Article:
|24 Sep 1941||0610||38° 19'N, 8° 41'E||A submarine, similar to Dandolo, was seen but could not be identified.|
|29 Sep 1941||0645||37° 17'N, 1° 07'E||A destroyer was seen at 1,000 metres followed by two cruisers. The submarine attempted to make a bow attack. Auconi then decided to try a stern shot at 600 metres, but was thwarted by the appearance of a second destroyer and went deep.|
|30 Sep 1941||0318||37° 14'N, 1° 01'E||Five destroyers were seen and the submarine took avoiding action.|
|30 Sep 1941||0648||37° 14'N, 1° 01'E|
|Dandolo sighted a dark vessel coming at her at high speed. The submarine crash-dived but appeared to have been the subject of a systematic A/S search by four vessels. From 0925 to 1330 houra, Dandolo was severely depth-charged,with patterns from six to eight depth-charges.|
|3 Oct 1941||0625||38° 43'N, 9° 35'E||An unknown submarine was observed steering 200°, which was later reported as enemy (apparently none in area). Auconi ordered the gun crew to action station but decided to disengage.|
|Dandolo ( DO, I.16)||20 Oct 1941||1355||Naples||20 Oct 1941||1920||Naples||40||Trials.|
|Dandolo ( DO, I.16)||22 Oct 1941||0950||Naples||22 Oct 1941||1830||Naples||43||Trials.|
|Dandolo ( DO, I.16)||24 Oct 1941||0905||Naples||24 Oct 1941||1323||Naples||32||Trials.|
|6.||Dandolo ( DO, I.16)||30 Oct 1941||1700||Naples||12 Nov 1941||1145||Naples||2317,3||Sailed for patrol, initially along the Algerian coast, between 02°00'E and 03°00'E, within 10 to 20 miles from the coast. Then ordered between 36°00'N and the Moroccan coast, 02°40'W and 03°20'W (or between 37°40'N and 38°20'N, and between 04°20'E and 04°40'E?), as a sortie of Force H was expected.|
|1 Nov 1941||1335||38° 00'N, 7° 37'E||A British bomber was sighted at 8,000 metres and the submarine dived.|
|4 Nov 1941||0440-0552|
|36° 44'N, 2° 29'E||At 0345 hours, a large steamer was sighted at distance of 8,000 metres and later identified as a 10,000-ton tanker. Although she was identified as French by her markings and by signals exchanged with Algiers, Auconi believed it might be a British tanker disguised as such and, just after 0440 hours, Dandolo opened fire with both her deck guns scoring hits while the target returned fire.|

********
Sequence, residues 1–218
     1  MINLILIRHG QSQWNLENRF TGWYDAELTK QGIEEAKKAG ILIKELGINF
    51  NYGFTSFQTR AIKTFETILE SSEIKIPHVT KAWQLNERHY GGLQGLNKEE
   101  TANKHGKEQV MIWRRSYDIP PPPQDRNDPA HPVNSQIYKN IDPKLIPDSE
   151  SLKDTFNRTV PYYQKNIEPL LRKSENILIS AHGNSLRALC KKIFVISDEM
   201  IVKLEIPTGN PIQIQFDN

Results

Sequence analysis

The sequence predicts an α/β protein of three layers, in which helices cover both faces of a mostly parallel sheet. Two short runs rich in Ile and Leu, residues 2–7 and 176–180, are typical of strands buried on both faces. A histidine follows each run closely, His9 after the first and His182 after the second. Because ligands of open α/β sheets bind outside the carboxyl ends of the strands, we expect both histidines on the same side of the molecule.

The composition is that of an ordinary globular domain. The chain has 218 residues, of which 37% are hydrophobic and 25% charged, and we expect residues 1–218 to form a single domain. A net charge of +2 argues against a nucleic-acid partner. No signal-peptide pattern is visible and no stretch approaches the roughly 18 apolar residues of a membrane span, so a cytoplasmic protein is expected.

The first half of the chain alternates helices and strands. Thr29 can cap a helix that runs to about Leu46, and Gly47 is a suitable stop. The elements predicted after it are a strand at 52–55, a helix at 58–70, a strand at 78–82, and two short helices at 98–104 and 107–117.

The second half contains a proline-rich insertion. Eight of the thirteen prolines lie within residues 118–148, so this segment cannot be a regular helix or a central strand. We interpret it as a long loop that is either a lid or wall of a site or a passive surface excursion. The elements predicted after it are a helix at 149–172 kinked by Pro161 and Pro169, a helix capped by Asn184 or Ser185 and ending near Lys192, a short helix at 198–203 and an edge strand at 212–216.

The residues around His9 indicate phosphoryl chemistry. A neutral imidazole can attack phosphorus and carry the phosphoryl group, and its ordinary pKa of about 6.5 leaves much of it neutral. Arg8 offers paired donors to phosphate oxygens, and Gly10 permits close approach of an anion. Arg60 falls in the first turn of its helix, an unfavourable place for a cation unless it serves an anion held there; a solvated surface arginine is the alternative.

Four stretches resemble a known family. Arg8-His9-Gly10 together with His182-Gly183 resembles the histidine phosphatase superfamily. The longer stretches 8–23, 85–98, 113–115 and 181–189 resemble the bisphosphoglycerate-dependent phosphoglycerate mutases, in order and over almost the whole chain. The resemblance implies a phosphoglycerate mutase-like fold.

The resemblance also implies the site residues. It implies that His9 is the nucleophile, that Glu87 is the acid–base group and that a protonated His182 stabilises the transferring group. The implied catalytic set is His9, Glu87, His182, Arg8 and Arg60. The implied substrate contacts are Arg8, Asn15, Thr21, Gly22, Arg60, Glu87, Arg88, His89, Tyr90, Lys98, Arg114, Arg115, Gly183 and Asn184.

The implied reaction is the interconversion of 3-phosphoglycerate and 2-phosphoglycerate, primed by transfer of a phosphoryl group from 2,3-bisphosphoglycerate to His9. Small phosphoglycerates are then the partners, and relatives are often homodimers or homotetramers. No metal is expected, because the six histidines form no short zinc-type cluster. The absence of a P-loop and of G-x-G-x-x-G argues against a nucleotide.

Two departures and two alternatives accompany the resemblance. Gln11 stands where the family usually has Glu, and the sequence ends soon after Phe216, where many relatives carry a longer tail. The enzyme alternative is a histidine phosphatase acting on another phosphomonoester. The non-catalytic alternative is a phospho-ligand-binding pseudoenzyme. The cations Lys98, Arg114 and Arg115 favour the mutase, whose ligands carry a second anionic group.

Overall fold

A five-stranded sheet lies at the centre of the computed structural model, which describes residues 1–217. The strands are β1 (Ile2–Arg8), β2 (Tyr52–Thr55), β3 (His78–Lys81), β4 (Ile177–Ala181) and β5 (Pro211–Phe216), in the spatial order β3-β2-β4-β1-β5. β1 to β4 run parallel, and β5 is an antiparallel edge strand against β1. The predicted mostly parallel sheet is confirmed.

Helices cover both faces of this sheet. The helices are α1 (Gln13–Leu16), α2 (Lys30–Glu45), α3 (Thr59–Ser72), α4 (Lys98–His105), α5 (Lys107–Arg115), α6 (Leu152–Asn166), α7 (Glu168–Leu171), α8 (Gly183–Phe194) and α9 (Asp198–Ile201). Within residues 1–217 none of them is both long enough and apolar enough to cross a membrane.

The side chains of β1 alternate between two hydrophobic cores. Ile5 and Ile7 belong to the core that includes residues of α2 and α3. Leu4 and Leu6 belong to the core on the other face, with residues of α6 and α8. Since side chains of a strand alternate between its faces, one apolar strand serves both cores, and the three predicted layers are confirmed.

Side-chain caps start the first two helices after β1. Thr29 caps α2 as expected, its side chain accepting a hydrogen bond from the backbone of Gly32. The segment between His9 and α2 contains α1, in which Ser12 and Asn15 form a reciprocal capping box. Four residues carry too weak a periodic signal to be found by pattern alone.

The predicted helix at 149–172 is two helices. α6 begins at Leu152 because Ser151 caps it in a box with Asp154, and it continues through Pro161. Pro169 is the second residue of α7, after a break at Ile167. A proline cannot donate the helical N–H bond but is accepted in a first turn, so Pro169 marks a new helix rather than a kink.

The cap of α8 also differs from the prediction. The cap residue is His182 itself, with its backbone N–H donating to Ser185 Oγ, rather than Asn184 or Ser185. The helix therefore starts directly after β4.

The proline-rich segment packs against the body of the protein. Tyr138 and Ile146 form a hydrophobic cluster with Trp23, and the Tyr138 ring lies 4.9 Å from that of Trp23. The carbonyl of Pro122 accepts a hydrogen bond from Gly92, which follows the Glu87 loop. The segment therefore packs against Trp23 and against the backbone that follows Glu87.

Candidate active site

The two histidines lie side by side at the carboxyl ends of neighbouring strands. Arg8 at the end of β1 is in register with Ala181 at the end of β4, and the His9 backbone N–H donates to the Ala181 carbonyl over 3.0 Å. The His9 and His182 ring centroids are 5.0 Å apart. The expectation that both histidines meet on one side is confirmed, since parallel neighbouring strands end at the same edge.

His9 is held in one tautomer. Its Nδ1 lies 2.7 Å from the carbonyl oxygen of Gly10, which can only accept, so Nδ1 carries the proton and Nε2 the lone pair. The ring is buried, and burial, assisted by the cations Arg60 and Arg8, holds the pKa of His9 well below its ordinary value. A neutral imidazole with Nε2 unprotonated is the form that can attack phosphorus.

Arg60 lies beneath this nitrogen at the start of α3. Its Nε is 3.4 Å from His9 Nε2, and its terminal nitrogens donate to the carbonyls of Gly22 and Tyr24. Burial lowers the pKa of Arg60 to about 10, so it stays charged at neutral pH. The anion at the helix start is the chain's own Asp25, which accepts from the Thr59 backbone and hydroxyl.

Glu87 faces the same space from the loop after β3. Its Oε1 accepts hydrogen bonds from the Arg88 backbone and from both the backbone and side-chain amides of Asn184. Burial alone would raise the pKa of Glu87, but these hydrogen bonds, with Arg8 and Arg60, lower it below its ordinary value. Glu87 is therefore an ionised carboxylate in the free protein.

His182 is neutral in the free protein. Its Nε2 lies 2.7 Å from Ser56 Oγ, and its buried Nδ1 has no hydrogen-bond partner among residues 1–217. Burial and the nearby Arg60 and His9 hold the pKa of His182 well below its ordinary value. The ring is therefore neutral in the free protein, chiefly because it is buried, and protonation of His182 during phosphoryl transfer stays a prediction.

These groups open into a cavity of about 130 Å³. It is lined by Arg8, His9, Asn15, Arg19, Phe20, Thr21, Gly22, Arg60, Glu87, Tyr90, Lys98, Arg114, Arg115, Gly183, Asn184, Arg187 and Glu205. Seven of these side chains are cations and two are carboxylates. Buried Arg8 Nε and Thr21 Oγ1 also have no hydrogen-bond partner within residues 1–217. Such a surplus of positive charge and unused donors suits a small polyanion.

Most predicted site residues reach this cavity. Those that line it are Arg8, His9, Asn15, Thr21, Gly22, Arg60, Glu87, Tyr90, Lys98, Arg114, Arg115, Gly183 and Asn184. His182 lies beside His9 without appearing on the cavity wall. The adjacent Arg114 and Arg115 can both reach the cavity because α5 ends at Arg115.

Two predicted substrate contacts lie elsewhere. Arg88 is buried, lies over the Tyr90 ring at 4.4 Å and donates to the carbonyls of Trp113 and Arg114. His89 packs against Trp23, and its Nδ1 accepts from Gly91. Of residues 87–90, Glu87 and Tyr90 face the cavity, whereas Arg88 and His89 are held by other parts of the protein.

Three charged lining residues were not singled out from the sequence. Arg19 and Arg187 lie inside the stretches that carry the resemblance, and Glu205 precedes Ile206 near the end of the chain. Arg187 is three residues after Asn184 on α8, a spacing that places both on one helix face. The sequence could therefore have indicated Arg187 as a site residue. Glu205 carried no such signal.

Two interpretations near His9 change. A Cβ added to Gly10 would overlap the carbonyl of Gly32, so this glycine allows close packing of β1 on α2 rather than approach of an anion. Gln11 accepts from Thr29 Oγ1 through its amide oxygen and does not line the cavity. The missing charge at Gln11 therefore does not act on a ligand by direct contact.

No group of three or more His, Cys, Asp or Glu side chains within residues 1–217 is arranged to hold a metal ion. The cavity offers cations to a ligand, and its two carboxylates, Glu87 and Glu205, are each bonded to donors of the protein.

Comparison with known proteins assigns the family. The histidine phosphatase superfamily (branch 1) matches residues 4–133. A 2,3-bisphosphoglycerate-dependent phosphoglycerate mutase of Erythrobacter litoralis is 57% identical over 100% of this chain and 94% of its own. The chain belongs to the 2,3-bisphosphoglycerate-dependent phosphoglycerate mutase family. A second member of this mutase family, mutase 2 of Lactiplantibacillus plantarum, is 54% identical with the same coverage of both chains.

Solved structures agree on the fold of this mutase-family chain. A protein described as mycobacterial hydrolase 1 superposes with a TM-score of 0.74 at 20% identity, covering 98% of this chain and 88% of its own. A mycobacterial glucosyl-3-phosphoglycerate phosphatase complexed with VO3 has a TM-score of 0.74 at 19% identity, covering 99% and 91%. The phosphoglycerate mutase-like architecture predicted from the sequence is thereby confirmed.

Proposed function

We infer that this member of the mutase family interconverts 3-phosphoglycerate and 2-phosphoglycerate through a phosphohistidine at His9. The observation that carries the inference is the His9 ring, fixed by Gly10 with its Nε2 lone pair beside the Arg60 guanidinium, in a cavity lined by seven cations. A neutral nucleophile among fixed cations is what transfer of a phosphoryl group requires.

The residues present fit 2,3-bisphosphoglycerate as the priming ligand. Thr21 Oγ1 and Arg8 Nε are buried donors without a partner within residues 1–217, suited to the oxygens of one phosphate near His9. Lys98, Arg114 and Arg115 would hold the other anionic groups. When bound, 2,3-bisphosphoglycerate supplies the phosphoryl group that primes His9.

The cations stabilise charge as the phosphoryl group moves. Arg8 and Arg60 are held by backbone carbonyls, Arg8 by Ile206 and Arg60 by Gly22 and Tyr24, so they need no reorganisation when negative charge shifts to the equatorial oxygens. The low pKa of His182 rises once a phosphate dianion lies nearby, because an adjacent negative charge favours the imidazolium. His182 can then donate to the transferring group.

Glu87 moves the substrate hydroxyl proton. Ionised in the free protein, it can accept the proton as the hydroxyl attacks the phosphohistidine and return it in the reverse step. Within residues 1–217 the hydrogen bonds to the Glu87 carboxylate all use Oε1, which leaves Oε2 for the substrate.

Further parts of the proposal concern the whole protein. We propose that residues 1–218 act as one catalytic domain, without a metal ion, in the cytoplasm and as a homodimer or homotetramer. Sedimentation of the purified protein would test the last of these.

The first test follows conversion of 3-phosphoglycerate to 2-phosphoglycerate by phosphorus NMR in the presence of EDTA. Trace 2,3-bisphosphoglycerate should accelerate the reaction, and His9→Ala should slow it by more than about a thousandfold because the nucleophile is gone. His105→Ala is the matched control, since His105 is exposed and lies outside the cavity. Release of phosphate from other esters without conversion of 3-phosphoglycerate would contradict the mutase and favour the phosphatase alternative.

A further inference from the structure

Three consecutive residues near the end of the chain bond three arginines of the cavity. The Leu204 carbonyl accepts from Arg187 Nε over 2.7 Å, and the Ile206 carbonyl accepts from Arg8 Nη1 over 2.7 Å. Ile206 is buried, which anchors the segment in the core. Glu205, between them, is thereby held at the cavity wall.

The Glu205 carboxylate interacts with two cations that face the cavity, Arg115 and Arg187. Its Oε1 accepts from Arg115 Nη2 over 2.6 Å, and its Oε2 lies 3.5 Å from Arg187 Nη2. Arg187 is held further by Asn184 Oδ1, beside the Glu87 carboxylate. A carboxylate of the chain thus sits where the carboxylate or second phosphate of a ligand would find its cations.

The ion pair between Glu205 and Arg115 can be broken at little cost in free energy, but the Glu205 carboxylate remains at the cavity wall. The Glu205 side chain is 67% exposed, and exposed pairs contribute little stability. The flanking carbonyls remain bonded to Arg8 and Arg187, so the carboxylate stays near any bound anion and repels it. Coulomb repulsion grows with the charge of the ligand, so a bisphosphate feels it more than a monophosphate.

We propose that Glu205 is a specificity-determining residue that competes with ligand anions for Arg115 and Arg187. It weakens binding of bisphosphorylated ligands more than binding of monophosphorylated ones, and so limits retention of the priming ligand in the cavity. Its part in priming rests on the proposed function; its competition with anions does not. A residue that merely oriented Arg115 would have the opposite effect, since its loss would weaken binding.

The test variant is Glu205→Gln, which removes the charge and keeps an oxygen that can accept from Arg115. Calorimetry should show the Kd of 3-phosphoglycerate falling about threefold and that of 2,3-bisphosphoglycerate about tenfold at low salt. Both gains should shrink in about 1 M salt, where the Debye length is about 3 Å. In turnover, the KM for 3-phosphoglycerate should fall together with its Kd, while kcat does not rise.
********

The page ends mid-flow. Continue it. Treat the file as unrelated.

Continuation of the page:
This was the Vichy tanker Tarn (4,220 GRT, built 1939) on passage from Casablanca to Algiers.
Dandolo now fired a salvo of three torpedoes from her bow tubes and scored one hit. The tanker Tarn was damaged and had two men killed.
At 0552 hours, Dandolo tried to finish off Tarn with a stern shot but missed. The tanker managed to reach Algiers at 1100 hours the same day.
|8 Nov 1941||0745|
(0) Bay of Melilla.
|At 0720 hours, a merchant ship was sighted, which was poorly illuminated and did not show any national markings.|
At 0745 hours, Dandolo fired a single torpedo from tube no.1 (her last torpedo available in the bow tubes). It appeared to have an erratic run initially, but 80 seconds later a hit was observed under the stern and the vessel sank in three or four minutes.
This was the second error Auconi committed on this patrol, as the target was the Spanish Castillo Oropesa (6,600 GRT, built 1917 [also listed as 5,177 GRT]). In ballast, she had left Barcelona for Melilla and was now awaiting permission to enter harbour to pick up iron ore for Gijon. There were no casualties. This was another embarrassing incident for Italian authorities, who tried to deny that the culprit was an Italian submarine. However, the Spaniards recovered fragments of the torpedo and identified it as of Italian manufacture. Officially, the Italian government refuted the accusations by stating that Italian torpedoes had been sold to Yugoslavia and the Netherlands and arguing this did not constitute a proof of Italian involvement.